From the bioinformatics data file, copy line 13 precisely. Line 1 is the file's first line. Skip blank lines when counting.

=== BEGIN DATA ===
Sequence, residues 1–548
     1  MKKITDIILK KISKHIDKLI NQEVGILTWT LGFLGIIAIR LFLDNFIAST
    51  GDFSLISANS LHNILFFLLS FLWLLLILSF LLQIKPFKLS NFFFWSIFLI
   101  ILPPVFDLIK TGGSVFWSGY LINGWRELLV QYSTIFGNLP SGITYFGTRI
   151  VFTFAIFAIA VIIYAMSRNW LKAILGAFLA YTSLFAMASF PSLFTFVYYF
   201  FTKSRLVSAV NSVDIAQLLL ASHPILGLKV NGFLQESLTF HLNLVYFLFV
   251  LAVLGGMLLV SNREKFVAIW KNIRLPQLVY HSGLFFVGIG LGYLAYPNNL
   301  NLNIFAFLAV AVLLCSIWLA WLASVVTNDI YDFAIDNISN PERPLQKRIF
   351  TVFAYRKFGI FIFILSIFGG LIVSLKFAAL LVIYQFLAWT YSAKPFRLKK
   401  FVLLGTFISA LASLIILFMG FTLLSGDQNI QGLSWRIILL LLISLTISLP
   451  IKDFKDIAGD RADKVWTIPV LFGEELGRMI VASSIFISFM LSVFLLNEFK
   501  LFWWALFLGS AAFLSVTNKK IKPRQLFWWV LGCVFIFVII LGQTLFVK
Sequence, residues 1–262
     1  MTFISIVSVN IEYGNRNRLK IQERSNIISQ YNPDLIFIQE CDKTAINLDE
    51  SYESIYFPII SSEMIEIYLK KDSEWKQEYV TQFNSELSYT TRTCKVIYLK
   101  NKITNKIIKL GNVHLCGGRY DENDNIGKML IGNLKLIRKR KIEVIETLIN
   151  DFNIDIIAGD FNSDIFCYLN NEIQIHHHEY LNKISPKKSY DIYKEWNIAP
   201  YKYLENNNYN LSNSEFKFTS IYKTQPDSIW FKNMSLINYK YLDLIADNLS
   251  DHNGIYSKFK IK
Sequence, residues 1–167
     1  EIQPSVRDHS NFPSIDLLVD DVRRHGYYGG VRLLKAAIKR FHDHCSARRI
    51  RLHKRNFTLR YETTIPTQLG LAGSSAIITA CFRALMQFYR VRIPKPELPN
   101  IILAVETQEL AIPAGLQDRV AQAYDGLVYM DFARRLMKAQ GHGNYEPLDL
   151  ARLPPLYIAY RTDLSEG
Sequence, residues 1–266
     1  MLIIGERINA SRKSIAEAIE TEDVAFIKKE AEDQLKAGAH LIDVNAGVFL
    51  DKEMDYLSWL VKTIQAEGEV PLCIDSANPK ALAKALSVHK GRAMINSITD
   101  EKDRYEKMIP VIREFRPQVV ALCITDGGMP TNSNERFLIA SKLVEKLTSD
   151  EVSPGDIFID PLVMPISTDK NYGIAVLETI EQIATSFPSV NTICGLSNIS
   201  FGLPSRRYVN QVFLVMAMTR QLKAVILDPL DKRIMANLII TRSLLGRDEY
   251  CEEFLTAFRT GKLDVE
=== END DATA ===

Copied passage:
Sequence, residues 1–262